Rural Transit Survey
2020 Executive Briefing
- There is a wide range of ITS technology adoption rates across agencies.
- Cost and funding issues are among the top barriers for most of the technologies surveyed.
- The primary benefit of ITS technologies reported by agencies is improved record-keeping and data analysis.
Small urban and rural transit agencies rarely match the resources of large metropolitan agencies in offering transit services. Moreover, rural agencies tend to offer different services than more urban areas. For example, while roughly similar proportions of small urban and rural agencies offer demand response service (88 percent of small urban agencies and 94 percent of rural agencies), far more small urban agencies offer bus service (85 percent of small urban to 53 percent of rural). This is due to a range of factors; typically, low-density areas are not well-suited to fixed-route service, as hourly ridership is much lower than in urban areas. These differences in services provided affect the agencies’ planning procedures and procurement strategies. Small urban and rural agencies generally take a more conservative approach to the adoption of new Intelligent Transportation Systems (ITS) technology.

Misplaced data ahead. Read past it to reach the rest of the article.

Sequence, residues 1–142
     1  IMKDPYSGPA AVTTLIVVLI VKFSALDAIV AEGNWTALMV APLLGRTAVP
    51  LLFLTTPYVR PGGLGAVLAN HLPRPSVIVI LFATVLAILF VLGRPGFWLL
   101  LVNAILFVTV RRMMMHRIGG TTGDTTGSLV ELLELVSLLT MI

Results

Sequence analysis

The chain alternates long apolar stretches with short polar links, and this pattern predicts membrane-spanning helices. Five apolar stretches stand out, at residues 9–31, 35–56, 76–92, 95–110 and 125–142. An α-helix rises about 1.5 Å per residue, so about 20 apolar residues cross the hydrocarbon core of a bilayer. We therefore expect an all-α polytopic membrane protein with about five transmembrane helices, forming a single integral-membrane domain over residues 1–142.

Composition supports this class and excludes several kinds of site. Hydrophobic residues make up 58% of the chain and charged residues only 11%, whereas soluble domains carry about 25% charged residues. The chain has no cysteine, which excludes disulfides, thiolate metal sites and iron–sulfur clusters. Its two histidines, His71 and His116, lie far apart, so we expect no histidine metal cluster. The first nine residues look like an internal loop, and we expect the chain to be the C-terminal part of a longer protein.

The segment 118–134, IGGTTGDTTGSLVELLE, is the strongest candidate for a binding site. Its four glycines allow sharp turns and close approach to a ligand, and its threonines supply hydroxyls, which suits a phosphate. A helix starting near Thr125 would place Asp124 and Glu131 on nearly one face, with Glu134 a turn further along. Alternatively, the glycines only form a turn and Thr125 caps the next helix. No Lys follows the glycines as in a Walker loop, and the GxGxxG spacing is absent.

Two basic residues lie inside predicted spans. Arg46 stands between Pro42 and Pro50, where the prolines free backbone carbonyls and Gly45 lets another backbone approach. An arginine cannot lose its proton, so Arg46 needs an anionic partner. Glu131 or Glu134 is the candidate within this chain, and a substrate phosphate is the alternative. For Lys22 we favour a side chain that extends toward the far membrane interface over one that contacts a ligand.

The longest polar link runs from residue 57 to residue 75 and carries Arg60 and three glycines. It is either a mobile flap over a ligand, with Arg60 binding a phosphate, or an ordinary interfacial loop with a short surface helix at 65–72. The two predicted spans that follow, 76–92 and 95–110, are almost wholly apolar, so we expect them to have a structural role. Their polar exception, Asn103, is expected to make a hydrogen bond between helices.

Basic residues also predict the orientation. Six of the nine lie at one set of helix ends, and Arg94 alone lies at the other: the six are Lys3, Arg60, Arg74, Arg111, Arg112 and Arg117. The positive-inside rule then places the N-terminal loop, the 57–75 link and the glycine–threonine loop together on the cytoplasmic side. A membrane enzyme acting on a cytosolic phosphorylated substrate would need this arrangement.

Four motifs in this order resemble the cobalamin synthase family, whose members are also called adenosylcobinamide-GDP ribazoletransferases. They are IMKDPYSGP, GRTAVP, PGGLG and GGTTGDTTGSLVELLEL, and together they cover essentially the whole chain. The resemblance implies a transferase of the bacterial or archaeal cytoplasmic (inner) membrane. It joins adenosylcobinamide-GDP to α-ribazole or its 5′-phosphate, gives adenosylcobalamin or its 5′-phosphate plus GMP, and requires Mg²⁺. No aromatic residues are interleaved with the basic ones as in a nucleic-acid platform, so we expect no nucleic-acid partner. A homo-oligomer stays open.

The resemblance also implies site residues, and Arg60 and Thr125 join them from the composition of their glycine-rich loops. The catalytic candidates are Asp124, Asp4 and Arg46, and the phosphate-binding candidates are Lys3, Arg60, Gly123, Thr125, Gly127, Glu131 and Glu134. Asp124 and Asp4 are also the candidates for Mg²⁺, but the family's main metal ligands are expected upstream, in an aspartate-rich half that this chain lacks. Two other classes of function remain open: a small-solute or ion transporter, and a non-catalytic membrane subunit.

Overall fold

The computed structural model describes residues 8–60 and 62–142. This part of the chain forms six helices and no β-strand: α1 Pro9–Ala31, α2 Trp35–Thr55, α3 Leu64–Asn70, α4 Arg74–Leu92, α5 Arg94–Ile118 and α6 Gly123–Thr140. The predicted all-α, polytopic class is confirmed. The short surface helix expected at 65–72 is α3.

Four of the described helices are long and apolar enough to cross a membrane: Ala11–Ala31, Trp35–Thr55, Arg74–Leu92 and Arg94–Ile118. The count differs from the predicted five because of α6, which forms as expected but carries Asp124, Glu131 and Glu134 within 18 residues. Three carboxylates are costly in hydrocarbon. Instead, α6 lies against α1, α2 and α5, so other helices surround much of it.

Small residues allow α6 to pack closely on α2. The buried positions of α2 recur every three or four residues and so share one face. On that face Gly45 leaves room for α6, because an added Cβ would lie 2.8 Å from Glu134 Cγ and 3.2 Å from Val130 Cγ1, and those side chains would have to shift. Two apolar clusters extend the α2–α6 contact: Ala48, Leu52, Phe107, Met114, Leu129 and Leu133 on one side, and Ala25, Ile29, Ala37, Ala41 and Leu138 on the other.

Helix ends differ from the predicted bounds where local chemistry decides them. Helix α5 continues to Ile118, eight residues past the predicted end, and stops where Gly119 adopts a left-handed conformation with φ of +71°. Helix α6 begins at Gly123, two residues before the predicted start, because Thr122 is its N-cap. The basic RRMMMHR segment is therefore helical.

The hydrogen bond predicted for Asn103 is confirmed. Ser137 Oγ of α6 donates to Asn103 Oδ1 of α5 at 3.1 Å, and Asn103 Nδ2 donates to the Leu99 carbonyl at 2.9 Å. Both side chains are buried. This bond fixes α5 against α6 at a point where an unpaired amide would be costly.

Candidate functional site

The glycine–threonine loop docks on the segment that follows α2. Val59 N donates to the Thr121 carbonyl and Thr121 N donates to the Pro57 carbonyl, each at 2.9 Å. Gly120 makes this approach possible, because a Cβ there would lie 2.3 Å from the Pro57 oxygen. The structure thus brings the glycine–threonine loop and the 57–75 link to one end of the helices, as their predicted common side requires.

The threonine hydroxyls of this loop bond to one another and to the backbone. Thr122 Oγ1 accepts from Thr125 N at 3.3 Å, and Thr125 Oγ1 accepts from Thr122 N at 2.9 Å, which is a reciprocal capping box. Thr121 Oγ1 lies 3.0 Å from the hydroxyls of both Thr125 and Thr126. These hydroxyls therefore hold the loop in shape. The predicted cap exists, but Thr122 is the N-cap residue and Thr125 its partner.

In 2016, the Government Accountability Office (GAO) recommended that USDOT’s ITS Joint Program Office (JPO) conduct a survey of transit agencies to assess deployment of ITS within small urban and rural areas. The 2019 Rural Transit Survey supplements the ITS Deployment Tracking Survey (DTS), which has been conducted since 1997 to track progress towards deploying integrated ITS infrastructure in the nation’s 75 largest metropolitan areas.
|The survey found that usage of ITS technologies may be generally divided into three tiers: High, Medium, and Low usage.|